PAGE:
I enclose a fern this time. How are the ferns getting on?  Ah how you loved to water them & I hope I shall be watering them for you & cutting the grass & so fulfilling your wish that you could see me very soon.

I will close now with my fondest love to all.

Always yours affectionately,  Bertie.

Motto for Ascensiontide:– ‘Their life is – to wake not sleep, Rise & not Rest, but press From earth’s level, where blindly creep, Things perfected more or less To Heaven’s height, far & steep.’  R. Browning. 



In this letter to his Mother, Pte Bertie Hibbett concentrates on the message of hope he finds in the poetry of Robert Browning – reflecting as it does the Ascension of Christ, the reconciliation of God & Man. He does his best to cheer his Mother by sending her a fern in exchange for her lilies, passing on the praise of Sydney – and the good news of stolen parcels recovered.

‘Count your blessings!’ was a favourite saying of my father and here he finds blessings wrung out of the War; mainly his deepening friendship with his old school pal, Vernon Evans, a friendship that was to last the rest of his life.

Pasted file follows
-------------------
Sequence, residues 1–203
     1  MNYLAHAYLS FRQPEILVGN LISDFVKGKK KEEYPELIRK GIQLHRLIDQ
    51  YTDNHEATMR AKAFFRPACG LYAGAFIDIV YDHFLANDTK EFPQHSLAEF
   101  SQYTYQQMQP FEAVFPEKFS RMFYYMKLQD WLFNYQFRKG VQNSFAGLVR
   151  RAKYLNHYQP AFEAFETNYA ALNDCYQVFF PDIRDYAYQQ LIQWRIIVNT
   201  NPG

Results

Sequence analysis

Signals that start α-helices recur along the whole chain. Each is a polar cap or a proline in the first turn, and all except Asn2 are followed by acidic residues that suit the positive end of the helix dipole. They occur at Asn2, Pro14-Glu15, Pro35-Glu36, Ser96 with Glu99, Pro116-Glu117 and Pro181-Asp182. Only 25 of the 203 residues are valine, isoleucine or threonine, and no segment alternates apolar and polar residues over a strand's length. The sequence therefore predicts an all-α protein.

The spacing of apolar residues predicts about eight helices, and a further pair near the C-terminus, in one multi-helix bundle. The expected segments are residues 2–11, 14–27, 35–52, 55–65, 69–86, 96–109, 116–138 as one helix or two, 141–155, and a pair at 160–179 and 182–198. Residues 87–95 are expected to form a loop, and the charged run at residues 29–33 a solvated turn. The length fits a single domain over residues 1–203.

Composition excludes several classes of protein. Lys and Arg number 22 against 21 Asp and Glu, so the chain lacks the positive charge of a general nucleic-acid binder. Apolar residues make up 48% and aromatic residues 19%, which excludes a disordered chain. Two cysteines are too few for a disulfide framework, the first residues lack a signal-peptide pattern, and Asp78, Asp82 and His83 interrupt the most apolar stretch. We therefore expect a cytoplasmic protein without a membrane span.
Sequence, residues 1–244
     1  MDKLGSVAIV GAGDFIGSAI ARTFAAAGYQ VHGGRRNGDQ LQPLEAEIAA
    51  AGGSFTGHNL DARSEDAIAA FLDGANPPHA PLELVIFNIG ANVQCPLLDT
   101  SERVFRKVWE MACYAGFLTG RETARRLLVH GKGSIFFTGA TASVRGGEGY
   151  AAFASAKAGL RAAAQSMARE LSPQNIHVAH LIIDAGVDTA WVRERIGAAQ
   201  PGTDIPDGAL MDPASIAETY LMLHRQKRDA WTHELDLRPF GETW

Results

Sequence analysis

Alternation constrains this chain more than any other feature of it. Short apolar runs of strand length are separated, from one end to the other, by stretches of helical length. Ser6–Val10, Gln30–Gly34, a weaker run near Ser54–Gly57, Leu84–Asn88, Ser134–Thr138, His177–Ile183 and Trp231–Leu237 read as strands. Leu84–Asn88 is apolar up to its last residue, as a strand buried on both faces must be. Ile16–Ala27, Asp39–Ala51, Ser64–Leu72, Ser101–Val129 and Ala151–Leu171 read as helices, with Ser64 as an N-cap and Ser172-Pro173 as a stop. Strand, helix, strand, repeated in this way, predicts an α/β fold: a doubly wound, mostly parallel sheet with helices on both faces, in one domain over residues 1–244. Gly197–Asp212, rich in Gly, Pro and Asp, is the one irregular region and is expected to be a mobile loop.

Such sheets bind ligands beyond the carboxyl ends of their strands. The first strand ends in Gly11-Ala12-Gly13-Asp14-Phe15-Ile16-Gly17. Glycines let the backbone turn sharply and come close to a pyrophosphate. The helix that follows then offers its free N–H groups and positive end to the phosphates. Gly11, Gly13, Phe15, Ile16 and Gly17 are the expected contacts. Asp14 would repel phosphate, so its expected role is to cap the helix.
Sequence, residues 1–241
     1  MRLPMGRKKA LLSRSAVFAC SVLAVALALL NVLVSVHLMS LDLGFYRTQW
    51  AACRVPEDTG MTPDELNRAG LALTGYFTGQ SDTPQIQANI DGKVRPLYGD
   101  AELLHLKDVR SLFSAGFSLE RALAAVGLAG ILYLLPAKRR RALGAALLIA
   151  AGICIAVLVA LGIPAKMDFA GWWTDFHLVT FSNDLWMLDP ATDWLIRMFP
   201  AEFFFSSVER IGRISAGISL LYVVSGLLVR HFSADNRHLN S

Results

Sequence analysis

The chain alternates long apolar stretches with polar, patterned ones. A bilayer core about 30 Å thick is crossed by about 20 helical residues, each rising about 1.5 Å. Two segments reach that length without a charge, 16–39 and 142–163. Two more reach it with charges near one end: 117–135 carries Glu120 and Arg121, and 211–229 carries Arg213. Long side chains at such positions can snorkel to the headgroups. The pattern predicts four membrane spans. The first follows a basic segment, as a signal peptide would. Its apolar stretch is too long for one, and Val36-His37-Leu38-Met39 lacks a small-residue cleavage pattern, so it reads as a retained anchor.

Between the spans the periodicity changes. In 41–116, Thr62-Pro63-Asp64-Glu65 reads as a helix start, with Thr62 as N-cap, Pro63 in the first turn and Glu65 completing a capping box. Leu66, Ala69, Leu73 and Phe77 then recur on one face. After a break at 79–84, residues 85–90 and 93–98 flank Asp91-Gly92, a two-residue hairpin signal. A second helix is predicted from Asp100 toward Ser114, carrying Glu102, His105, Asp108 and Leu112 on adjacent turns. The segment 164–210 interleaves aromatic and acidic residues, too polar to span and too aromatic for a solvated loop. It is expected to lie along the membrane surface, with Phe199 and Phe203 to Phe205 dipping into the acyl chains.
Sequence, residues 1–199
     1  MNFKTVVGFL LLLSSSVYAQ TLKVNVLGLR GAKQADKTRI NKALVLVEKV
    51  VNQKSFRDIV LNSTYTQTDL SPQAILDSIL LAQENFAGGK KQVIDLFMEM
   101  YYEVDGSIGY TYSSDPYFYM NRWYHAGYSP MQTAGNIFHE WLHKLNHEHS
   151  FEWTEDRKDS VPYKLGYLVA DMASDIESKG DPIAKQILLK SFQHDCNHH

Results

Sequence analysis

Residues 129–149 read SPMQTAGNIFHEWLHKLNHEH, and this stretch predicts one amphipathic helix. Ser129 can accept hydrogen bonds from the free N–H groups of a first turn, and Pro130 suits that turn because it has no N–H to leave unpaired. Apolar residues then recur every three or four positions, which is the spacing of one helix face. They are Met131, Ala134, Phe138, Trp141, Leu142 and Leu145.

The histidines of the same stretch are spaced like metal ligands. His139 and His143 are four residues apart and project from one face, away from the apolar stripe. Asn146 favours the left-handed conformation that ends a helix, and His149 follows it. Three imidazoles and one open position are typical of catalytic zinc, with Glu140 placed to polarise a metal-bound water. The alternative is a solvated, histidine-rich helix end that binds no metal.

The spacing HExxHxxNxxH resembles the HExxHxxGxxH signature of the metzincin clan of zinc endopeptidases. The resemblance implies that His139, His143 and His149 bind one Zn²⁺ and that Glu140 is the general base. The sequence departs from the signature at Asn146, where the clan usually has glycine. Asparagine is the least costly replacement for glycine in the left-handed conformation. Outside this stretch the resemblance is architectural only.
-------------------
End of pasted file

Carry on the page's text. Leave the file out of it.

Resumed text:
Robert Browning. Robert Browning by Michele Gordigiani oil on canvas, 1858 Credit line: National Portrait Gallery, London
Robert Browning
by Michele Gordigiani
oil on canvas, 1858
Credit line: National Portrait Gallery, London

(1) Robert Browning: English leading Victorian poet/playwright. 1812-1889. Rise & not rest’ is verse from Reverie, which begins ‘In the beginning God created the heaven & the earth‘.

(2) Ascension Day/ Glorious First of June: See Hibbett Letter to Dad, 1st June 1916.

J.Samuda Tobacco Pipe Advert.
J.Samuda Tobacco Pipe Advert. <http//:www.ebay.es>

(3) ‘Samudas’ refers to Cigarettes: once again Pte Bertie provides an answer to a query raised in an earlier letter. This poor reproduction of a Tobacco Pipe Advert ‘Let me fill your pipe‘ was published by Jacob & Joseph Samuda Co. Ltd tobacco merchants.  

(4) Psalm:145.9. (Psalm for the 30th Morning. Book of Common Prayer, 1662).

(5) i.e. Home Leave in Jan. 1915 before Embarcation to France, March 3rd.1915.

NEXT POST: 4th JUNE 1916.


South Staffordshire Badgee1/5th SOUTH STAFFORDS WAR DIARY


May 29th May – June 1st Thur: LUCHEUX.  In Rest billets. Battalion Training.

CASUALTIES for May : OTHER RANKS: 1 found drowned. No 957 Pte J. Bird (attached 182nd Tunnelling Company R.E.). 3 WOUNDED: 8434 L/Corp. S. Goode; 8375 Ptre R Harris; 9724 Pte G.Bradford. (1)